If you aren’t on LinkedIn, you are missing out! Join now and start building your professional network. If you know someone with a career path that interests you, invite them out for lunch and discuss how they got to where they are now. Or, set up a virtual call if you’re in different cities. You could also ask them to review your resume or forward your information on to their company’s recruitment department. Worst case scenario is that they say no, and you’ll still have had an informational meeting and strengthened your professional network.

Having a strong network and a strong LinkedIn profile makes you findable. You want to make sure you are part of a network where a recruiter can find you.

Practice Your Interview Responses

“What are your greatest strengths and greatest areas for improvement?”

I know it’s a cliché interview question, but interviewers can learn a lot from how you answer. Be honest and make sure your strengths are related to the job. When answering the question about your greatest weaknesses, be truthful but remember that you still need to put your best foot forward. “I tend to be late to work” is not a good response: it’s likely easy to fix and makes you sound unreliable. “I just work too darn hard” isn’t really a weakness. The best answers will show that you are aware of a weakness and have taken steps to address it.

“What is your anticipated salary?”

Saying that you don’t know or that the company can just pay you anything is a weak answer. You’ll sound like you have not done your research. Look through online forums and career web sites, ask professionals in the field and consider cost of living ($50K in San Francisco is not the same as $50K in Austin). Many don’t like to answer this question because they fear they will “low ball” themselves or be rejected because they overshoot. But if you have done your research, you should be fine. You can also ask the recruiter if that number sounds like it is in line with what they can offer. Let them know that you are flexible (but only if that’s true!)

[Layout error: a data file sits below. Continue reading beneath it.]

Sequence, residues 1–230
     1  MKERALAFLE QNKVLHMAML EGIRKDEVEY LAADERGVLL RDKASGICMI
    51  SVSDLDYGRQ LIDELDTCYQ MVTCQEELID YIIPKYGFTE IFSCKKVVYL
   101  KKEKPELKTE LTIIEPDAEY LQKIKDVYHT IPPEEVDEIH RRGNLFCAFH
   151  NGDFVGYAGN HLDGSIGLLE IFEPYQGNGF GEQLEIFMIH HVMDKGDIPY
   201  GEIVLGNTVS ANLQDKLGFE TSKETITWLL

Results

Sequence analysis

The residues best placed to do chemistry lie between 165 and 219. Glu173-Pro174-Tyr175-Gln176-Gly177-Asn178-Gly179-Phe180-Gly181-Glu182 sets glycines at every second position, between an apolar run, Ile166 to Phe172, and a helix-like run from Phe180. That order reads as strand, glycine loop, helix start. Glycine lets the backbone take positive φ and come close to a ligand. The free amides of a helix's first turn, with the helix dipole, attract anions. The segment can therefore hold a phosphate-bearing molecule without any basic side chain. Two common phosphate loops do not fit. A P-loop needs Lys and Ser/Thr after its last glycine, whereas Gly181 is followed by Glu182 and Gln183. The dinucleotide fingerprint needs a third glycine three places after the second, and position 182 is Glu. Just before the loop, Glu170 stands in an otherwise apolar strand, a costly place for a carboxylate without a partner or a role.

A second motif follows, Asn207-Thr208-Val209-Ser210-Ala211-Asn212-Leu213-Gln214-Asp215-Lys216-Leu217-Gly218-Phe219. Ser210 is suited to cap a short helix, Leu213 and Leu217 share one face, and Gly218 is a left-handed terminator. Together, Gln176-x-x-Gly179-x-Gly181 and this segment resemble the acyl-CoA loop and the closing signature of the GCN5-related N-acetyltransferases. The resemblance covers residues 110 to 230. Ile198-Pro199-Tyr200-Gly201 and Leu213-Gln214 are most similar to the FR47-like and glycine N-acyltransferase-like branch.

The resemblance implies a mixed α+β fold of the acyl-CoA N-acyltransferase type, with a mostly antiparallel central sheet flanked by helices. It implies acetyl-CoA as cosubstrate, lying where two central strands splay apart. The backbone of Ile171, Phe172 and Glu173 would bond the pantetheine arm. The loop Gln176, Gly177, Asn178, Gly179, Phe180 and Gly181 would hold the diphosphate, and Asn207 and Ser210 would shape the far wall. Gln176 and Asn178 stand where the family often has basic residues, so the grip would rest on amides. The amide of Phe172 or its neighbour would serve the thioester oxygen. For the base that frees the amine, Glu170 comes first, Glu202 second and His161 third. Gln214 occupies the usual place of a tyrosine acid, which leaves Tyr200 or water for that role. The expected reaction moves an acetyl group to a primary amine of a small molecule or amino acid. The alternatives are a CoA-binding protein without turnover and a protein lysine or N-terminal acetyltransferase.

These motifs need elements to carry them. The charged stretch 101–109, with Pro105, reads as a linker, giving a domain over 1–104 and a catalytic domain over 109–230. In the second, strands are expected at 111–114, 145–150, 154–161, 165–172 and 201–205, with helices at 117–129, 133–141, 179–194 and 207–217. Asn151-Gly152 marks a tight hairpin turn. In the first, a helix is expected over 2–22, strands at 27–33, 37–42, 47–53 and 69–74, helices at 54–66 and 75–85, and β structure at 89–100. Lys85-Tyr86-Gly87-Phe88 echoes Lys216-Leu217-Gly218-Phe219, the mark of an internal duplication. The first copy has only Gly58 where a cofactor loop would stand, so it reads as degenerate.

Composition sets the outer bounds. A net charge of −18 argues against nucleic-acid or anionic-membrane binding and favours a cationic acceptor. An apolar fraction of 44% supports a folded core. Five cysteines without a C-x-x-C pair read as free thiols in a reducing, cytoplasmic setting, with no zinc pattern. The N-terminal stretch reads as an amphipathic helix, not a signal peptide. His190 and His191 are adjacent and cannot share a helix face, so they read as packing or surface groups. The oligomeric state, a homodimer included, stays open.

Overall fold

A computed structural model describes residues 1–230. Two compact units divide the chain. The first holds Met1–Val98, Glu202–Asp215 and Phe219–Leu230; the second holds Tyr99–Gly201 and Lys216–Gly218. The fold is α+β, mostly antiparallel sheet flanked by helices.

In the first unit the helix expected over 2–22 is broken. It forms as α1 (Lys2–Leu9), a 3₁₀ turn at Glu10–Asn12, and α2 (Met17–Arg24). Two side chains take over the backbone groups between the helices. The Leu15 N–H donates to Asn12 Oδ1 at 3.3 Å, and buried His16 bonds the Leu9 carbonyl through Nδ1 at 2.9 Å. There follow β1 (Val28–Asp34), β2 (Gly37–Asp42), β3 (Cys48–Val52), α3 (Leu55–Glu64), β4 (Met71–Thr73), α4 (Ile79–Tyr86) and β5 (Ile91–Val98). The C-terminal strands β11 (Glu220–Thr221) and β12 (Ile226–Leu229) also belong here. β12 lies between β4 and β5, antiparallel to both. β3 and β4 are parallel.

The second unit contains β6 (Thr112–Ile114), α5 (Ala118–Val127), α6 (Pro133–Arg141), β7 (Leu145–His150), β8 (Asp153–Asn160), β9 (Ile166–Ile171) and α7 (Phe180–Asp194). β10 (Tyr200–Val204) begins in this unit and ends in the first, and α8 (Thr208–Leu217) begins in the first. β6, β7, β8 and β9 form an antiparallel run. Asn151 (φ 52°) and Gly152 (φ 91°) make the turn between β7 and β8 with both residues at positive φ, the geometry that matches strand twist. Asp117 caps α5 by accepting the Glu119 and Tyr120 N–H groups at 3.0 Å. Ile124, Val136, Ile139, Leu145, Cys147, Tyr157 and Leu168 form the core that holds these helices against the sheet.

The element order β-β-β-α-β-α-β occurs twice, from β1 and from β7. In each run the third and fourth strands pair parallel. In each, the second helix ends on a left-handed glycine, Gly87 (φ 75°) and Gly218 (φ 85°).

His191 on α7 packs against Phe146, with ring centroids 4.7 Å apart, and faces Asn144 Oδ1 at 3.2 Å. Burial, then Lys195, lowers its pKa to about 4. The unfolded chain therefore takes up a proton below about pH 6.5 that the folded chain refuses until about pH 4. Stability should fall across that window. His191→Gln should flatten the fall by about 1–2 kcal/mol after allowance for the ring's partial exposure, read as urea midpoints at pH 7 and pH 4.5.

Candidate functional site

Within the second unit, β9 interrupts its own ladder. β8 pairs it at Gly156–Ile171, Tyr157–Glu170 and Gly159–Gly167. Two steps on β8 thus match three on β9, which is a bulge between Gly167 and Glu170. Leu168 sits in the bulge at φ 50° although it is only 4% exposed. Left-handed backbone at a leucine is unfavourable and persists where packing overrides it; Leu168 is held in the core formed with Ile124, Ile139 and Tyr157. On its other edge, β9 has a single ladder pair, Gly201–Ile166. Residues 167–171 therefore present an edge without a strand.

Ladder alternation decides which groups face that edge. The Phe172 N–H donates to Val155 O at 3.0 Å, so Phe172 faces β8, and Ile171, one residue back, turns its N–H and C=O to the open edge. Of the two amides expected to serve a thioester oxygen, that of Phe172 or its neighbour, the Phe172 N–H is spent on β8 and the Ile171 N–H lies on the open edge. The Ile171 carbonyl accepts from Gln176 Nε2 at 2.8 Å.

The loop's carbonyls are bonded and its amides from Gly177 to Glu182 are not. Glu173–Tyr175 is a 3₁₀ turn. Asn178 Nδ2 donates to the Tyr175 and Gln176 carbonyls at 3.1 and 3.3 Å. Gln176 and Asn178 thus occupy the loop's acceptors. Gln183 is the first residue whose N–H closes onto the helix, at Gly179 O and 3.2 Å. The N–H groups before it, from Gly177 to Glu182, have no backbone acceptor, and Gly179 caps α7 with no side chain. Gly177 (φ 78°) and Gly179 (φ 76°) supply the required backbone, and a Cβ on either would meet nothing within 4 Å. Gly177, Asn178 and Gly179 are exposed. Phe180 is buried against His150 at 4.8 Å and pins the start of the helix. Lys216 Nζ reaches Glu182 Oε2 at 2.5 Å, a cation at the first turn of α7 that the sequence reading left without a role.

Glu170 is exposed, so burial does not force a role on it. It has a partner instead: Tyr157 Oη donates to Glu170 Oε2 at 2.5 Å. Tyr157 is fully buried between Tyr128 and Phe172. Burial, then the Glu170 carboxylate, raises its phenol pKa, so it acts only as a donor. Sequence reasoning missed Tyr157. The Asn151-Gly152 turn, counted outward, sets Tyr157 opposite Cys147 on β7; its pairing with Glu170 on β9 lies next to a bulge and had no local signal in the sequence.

“Tell me about yourself.”

Prepare a short (about one minute) elevator pitch about yourself. Keep your story work-related and highlight your major accomplishments. Do not elaborate on every paper you’ve written or every job you’ve held.

Prep for your next interview by reading about the five interview responses recruiters can see right through.

Prepare for Your Job Search Success Story

Being armed with these tips will help you in the job search. It is tough out there, but preparing and being open minded will give you a leg up on your competition. Good luck!

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Becca McKnight

Becca McKnight

Senior Recruitment Specialist at Promega Corporation
Becca is a member of Promega’s Emotional and Social Intelligence (ESI) team where she gets to coach employees, teach classes related to self-awareness, mindfulness, empathy and relationship management skills and teach yoga during the lunch hour. She earned her BS in psychology with a minor in dance at the University of Iowa. In her free time you can find her dancing with her toddler, practicing yoga or cooking.